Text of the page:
7.0 overall (including 7.0 in Writing and Speaking component and a minimum score of 6.5 in the Reading and Listening component)

You are able to take two attempts to achieve your IELTS qualification per year and your test results are valid for two years. 

Pearson’s Test 

Overall score of 67 overall (with at least 67 in Writing element, and no section with a score below 61)

Non-academic criteria

Work experience

At interview, you will need to demonstrate that you have gained volunteer experience or work experience in a medical or health-related field. You'll also need to show a broad awareness of the scope of medicine. For further information about work experience, please visit the 'Experience It' section of the Taste of Medicine website.

Health and police screening

You will need satisfactory clearance in both, including immunisation against Hepatitis B, MMR, Meningitis, TB and chickenpox.
Enhanced Police Disclosures are obtained via the Disclosure and Barring Service.

Candidates accepted onto healthcare courses are required to pass an occupational health screening. When admitting candidates to study and practice as a health practitioner, we have an obligation to patients and students. If you are concerned about a health issue we strongly advise you to contact us prior to applying. All offers of places are made subject to satisfactory health clearance and an agreement to undergo appropriate blood tests and immunisations.

You will be asked to be immunised against Hepatitis B for personal safety. Please contact your general practitioner (GP) to arrange a screening. You should begin a course of Hepatitis B immunisation as soon as you submit your UCAS application, as it consists of three injections over a six-month period. If you firmly accept an offer you will be sent a confidential health questionnaire and further information about the process of screening for Hepatitis B.

This course will include work with children and vulnerable adults so all applicants will be required to have an enhanced DBS (Disclosure and Barring Service) check. More information about this is sent to you as part of the admissions process.

Read more about DBS checks.

Professional registration 

If you are a current healthcare professional or a member of a registered professional body, you must provide details of your registration. If you have had your professional registration suspended or revoked, or undergone a disciplinary/fitness to practice investigation, you will be required to provide further information if selected for interview. This will be reviewed by the admissions tutor and you may be required to provide full copies of related documentation.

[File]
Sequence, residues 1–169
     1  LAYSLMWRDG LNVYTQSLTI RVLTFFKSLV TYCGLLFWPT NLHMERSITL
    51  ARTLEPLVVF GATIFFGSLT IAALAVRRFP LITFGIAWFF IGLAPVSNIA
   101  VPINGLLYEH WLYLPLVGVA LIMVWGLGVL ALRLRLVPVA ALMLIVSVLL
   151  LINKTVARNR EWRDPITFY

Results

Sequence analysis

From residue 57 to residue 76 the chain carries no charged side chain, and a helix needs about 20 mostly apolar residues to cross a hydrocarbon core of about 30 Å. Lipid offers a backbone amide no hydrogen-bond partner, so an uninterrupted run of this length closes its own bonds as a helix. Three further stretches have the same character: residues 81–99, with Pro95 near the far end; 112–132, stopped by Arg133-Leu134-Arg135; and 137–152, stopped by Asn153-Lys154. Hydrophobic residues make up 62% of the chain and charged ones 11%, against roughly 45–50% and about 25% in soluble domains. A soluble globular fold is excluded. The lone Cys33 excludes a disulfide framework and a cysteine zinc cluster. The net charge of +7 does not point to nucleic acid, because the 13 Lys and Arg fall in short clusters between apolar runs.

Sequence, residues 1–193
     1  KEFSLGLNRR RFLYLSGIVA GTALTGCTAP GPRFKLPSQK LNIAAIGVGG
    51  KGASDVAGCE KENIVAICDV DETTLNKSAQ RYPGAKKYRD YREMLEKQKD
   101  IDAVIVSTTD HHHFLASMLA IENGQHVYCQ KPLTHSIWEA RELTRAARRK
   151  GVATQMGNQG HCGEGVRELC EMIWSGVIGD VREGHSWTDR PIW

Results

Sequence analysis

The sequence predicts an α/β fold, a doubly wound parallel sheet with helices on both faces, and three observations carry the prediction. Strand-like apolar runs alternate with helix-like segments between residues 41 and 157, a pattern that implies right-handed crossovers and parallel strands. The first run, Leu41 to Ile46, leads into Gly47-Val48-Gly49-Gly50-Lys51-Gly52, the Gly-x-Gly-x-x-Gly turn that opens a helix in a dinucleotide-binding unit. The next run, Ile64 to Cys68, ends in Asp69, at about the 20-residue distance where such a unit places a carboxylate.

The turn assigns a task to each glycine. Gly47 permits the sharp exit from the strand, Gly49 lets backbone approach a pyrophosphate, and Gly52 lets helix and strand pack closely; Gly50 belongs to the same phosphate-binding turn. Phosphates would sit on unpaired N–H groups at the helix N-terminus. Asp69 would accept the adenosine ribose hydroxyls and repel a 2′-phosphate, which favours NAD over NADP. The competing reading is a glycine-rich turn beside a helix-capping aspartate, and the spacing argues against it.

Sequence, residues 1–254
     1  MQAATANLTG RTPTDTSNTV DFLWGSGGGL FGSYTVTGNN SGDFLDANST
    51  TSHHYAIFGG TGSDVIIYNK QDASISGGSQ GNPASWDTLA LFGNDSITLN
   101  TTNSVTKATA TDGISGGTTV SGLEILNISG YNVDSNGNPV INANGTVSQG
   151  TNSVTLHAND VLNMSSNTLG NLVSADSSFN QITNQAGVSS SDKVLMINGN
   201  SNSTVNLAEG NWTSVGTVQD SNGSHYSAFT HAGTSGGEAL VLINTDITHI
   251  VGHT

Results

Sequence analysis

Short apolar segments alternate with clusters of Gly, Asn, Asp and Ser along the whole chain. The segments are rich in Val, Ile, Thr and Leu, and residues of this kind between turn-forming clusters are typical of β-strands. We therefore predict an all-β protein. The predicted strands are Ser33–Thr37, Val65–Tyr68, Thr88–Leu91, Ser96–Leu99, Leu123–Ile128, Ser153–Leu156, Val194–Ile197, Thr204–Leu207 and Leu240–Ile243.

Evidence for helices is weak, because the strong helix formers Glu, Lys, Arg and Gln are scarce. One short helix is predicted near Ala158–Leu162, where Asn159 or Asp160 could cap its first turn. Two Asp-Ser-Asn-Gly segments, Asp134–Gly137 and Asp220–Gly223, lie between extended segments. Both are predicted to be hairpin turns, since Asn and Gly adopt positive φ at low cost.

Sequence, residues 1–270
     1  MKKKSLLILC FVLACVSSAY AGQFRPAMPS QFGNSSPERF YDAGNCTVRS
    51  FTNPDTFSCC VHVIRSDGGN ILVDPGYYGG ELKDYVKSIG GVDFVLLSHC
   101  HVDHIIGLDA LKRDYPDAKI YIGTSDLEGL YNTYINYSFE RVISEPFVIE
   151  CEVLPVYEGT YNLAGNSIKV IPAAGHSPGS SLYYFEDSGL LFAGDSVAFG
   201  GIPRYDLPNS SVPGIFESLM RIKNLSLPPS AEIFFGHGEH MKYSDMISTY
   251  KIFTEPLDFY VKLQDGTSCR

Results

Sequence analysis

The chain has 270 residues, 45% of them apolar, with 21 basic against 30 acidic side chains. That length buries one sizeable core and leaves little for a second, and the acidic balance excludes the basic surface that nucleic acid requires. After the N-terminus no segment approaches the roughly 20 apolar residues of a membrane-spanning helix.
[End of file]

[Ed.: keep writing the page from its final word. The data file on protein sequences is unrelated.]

Any information you disclose will only be used to consider your application.

Relevant work experience and insight

At the interview, you will need to show that you've gained insight into medicine through relevant work/voluntary experience.

Undertaking relevant work experience and gaining insight from those activities helps you to learn about yourself and to decide whether medicine is the right choice for you.

You are expected to have a combination of experience in both healthcare and non-healthcare settings and be able to demonstrate why these experiences are relevant to an application for medicine. Experience could include, but is not limited to:

  • paid/unpaid voluntary placements

  • school, college or university societies

  • full or part-time employment

  • the Guides, Scouts, Red Cross or similar

  • shadowing a healthcare professional

  • gap year experience

  • caring for a sick relative or first-hand experience of illness.

It is good to have a broad range of experience in a variety of settings, including hands-on healthcare experience, in order to gain insight into different aspects of the skills and qualities needed in a medical student and future healthcare professional.

We will ask you to:

  • demonstrate knowledge of your own abilities and limitations
  • explain what you have learned and what you have contributed

We also expect you to show insight into transferable skills, such as communication, patience, accuracy, teamwork, leadership and perseverance and to be able to relate those to your application for medicine.

Evidence that you have made a consistent effort to gain these experiences as a regular commitment is preferred.

If invited to interview, you will be asked to provide references for any formal work experience you have carried out (dates, hours worked and duties undertaken) within the last two years.    

Exceptions

If you have previously studied, but not completed, medicine at another university, you will need to provide formal evidence as to why you previously withdrew from your studies. Applicants will be reviewed on a case by case basis. However, we are unable to consider individuals who were suspended from previous medicine studies due to fitness to practice issues or failure in assessments or examinations.

This course will equip you with the essential knowledge, understanding, skills and attitudes required to practice medicine competently and professionally in a patient-centred, multidisciplinary environment.

This course is underpinned by four main themes:

  • Basic and Clinical Sciences

  • Patient and Doctor

  • Community and Population Health